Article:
A recent study investigated the role of NAMA in thyroid carcinogenesis by analyzing the expression of NAMA in a total of 40 pairs of PTC tissue and paired normal tissue by qRT-PCR. Expression of NAMA was significantly downregulated in PTC compared with normal tissue. Furthermore, as thyroid cell proliferation is mediated by the interaction of TSH and its receptor (TSHR), the effect of NAMA suppression on TSHR induction was evaluated using a PTC cell line (IHH-4). Nonetheless, silencing NAMA did not modulate TSHR level in IHH-4 cells suggesting that NAMA is likely to play a role in PTC not via TSHR (Zheng et al. 2016). These results suggest that NAMA is likely to function as tumor-suppressive lncRNA by playing a protective role in thyroid cancer. However, current knowledge on the understanding of the roles of NAMA in thyroid cancer is very limited. More work will be necessary, including the identification of the molecular targets of NAMA as the majority of lncRNAs are thought to play their key regulatory functions by interacting with DNA, RNA and proteins.

PTCSC3 (papillary thyroid carcinoma susceptibility candidate 3)

GWAS addressed the genetic predisposition to PTC and found two independent SNPs (rs944289 and rs965513) in the chromosomal regions containing nonannotated genes and a significant association with PTC (Gudmundsson et al. 2009, 2012, Takahashi et al. 2010). At 3.2-kb downstream of the SNP rs944289 in 14q.13.3, Albert de la Chapelle and his group identified a lincRNA gene and named it PTCSC3. Its expression was evaluated in 46 PTC cases using qRT-PCR (Jendrzejewski et al. 2012). PTCSC3 expression was strongly downregulated in thyroid tumor tissue and the expression was associated with the risk allele (T) genotype (TT) (n = 21) compared with the genotype (CT) (n = 19). On the other hand, the genotype (TT) was associated with upregulation of PTCSC3 in normal thyroid tissue. The SNP rs944289 was identified in the binding site for C/EBP α and β. Risk allele has been shown to destroy the binding site in silico. Furthermore, in reporter assays, both C/EBP α and β activated the PTCSC3 promoter and the risk allele (T) reduced the activation compared with the nonrisk allele (C). Transient transfection of a PTCSC3-expression plasmid in PTC cell lines which lack PTCSC3 expression (TPC-1 and BCPAP) resulted in decreased cell growth and downregulation of expression of genes involved in DNA replication, recombination, motility, morphology and apoptosis (Jendrzejewski et al. 2012). This study included only two cell lines and they usually accumulate genetic changes over time as a consequence; this was the major limitation of this study, although the results were distinct and conclusive. Furthermore, a future study is warranted with multiple cell lines and original tumor samples. Another study showed that the SNP rs944289 was found to be associated with an increased risk of both benign and malignant thyroid tumors in Japanese patients (Rogounovitch et al. 2015). Although the expression of PTCSC3 is highly thyroid-tissue-specific, no somatic mutations or new SNPs were found in the PTCSC3 gene. The study suggested that the SNP rs944289 is likely to predispose to PTC via PTCSC3, a novel, tumor-suppressive lincRNA. Recently, five variants including the above-studied SNPs (rs944289 and rs965513) were assessed for the utility in the management of PTCs. It was found that larger tumor size and extrathyroidal expansion were associated with risk allele of the variant rs965513. Association with LNM and tumor multifocality was found with the rs2439302 suggesting an important function in clinical course, a role beyond predisposition to PTC (Jendrzejewski et al. 2016).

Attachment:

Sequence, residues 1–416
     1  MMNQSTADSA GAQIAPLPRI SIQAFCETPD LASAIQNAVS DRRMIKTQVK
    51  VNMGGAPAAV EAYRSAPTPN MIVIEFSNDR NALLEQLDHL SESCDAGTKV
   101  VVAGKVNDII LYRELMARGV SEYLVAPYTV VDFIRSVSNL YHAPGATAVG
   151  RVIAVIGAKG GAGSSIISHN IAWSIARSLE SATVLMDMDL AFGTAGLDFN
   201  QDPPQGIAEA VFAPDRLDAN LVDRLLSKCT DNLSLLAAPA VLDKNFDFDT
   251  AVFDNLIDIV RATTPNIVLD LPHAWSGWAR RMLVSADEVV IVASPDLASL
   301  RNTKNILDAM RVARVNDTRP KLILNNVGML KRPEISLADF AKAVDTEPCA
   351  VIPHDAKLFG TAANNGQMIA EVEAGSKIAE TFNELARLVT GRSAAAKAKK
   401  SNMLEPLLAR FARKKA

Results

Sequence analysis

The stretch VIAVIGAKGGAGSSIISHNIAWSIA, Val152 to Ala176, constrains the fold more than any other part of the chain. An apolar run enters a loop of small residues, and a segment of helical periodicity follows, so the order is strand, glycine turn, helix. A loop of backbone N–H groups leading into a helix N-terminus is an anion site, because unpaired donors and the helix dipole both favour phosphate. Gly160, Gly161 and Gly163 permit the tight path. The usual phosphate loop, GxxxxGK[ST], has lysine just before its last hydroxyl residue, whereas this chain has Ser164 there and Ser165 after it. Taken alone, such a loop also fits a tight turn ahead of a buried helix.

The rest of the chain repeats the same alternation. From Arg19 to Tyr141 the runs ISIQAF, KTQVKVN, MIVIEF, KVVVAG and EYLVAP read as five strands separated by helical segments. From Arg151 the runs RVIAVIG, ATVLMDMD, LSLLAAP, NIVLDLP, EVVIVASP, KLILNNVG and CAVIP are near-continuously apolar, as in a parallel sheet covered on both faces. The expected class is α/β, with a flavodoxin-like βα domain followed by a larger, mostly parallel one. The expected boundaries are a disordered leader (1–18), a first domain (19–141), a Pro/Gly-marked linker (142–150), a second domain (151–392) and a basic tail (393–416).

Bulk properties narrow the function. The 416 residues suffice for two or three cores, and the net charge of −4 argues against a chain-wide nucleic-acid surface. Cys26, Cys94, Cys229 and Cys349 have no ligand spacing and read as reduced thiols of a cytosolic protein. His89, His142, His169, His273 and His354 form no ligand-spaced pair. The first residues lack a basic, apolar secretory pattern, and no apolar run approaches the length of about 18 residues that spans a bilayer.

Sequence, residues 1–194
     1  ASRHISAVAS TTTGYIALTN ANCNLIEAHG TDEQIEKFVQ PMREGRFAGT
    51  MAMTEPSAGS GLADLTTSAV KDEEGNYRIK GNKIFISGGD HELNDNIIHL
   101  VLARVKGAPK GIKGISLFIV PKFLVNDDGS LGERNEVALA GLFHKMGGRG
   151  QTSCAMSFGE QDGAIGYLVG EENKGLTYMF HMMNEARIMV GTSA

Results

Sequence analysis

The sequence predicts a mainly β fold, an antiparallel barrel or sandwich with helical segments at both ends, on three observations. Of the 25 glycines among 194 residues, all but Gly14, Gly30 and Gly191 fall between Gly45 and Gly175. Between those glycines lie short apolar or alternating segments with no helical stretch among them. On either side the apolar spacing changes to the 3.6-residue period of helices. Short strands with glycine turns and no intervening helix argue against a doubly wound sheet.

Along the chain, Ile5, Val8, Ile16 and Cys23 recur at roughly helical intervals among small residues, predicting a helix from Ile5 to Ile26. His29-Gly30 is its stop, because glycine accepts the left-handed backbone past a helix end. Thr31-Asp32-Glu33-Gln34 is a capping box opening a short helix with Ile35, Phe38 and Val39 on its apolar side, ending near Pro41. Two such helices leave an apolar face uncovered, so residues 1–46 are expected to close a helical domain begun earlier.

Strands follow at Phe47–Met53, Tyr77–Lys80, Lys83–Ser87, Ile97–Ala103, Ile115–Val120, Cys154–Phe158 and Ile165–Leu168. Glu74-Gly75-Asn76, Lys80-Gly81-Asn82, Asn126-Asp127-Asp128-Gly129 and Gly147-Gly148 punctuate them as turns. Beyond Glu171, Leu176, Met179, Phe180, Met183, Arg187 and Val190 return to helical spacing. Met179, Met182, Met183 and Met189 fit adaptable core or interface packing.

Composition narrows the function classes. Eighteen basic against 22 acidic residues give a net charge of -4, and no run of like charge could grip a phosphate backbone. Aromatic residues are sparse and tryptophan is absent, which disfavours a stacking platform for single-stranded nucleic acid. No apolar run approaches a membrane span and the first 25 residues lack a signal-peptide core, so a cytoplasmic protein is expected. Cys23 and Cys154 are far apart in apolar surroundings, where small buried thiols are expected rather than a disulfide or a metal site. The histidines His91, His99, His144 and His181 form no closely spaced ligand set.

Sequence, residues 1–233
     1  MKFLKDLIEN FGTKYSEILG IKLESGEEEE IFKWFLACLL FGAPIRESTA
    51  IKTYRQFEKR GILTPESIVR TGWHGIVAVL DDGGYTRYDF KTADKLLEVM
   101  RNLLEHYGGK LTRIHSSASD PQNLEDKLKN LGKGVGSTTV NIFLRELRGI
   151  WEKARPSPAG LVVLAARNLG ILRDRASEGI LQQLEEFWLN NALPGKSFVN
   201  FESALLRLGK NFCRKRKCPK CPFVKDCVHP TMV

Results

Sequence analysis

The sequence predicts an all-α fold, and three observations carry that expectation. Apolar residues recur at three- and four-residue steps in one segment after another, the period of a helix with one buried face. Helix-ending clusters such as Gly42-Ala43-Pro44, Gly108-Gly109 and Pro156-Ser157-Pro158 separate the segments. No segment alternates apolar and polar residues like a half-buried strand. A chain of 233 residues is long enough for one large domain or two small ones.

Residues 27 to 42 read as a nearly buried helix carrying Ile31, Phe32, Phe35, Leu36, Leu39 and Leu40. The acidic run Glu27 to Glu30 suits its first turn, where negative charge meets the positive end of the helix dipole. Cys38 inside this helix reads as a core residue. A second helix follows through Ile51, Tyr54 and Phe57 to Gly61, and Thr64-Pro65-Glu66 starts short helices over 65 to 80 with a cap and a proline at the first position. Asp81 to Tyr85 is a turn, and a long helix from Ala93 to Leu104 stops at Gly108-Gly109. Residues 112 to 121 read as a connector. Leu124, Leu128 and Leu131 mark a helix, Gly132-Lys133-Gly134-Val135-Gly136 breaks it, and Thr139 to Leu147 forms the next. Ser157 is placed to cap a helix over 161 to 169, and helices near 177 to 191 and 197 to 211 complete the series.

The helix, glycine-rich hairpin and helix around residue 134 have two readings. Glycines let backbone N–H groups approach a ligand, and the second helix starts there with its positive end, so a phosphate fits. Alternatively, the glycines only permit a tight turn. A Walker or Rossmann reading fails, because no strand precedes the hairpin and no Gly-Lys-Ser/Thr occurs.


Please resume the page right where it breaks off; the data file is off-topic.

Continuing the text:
The same group investigated the possible molecular target of PTCSC3 as they have previously reported that the lncRNA located close to the variant rs944289 predisposes to PTC (Jendrzejewski et al. 2012) and alters expression of various cancer-associated key genes such as S100A4, RHOB, MOAP1, AKT, etc. (Jendrzejewski et al. 2015). The PTC cell lines (BCPAP and TPC-1) were stably transfected with a mammalian expression vector containing the PTCSC3 or empty vector. Analysis of clones of both TPC-1 and BCPAP cell lines which stably express PTCSC3 by qPCR found that the transcript of S100A4 is the most significantly downregulated gene under stable expression of PTCSC3. Furthermore, analysis of S100A4 and PTCSC3 expression in 74 PTC tumor tissues with paired normal thyroid tissues revealed that S100A4 was significantly upregulated, while PTCSC3 was downregulated in tumor tissues compared to normal tissues. The expression level of S100A4 has been associated moderately with PTCSC3 expression in normal thyroid tissue. Stable overexpression of PTCSC3 suppressed the migration and invasion potential of BCPAP cells through transcriptionally downregulating the VEGF and MMP-9. Moreover, PTCSC3 stable overexpression also downregulated the expression of S100A4 in BCPAP cells (Jendrzejewski et al. 2015). Furthermore, PTCSC3 was shown to counteract miR-574-5p and inhibit significant cell growth, arrest cell cycle and enhance apoptosis in thyroid cancer cells (Fan et al. 2013). In support of this idea, recently, PTCSC3 was identified to be significantly downregulated in PTCs (Zheng et al. 2016). These experiments clearly demonstrated that PTCSC3 has tumor-suppressive properties and downregulates S100A4, which results in inhibition of PTC cell migration and invasion.